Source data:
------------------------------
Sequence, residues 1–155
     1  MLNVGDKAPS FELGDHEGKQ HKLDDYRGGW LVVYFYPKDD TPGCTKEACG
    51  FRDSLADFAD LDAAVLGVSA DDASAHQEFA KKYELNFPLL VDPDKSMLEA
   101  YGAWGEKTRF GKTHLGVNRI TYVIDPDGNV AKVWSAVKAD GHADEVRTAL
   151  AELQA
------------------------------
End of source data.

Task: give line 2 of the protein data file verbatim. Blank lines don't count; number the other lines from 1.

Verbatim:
     1  MLNVGDKAPS FELGDHEGKQ HKLDDYRGGW LVVYFYPKDD TPGCTKEACG